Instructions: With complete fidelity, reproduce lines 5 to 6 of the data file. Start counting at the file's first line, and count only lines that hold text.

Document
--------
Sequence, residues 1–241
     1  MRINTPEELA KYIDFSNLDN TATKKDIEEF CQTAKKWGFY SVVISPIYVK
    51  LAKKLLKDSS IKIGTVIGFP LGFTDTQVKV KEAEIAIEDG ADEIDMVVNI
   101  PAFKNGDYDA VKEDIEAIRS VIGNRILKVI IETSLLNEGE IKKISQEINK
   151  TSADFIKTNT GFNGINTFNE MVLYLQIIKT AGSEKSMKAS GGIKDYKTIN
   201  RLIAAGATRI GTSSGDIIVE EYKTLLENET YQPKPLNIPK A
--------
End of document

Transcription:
   151  TSADFIKTNT GFNGINTFNE MVLYLQIIKT AGSEKSMKAS GGIKDYKTIN
   201  RLIAAGATRI GTSSGDIIVE EYKTLLENET YQPKPLNIPK A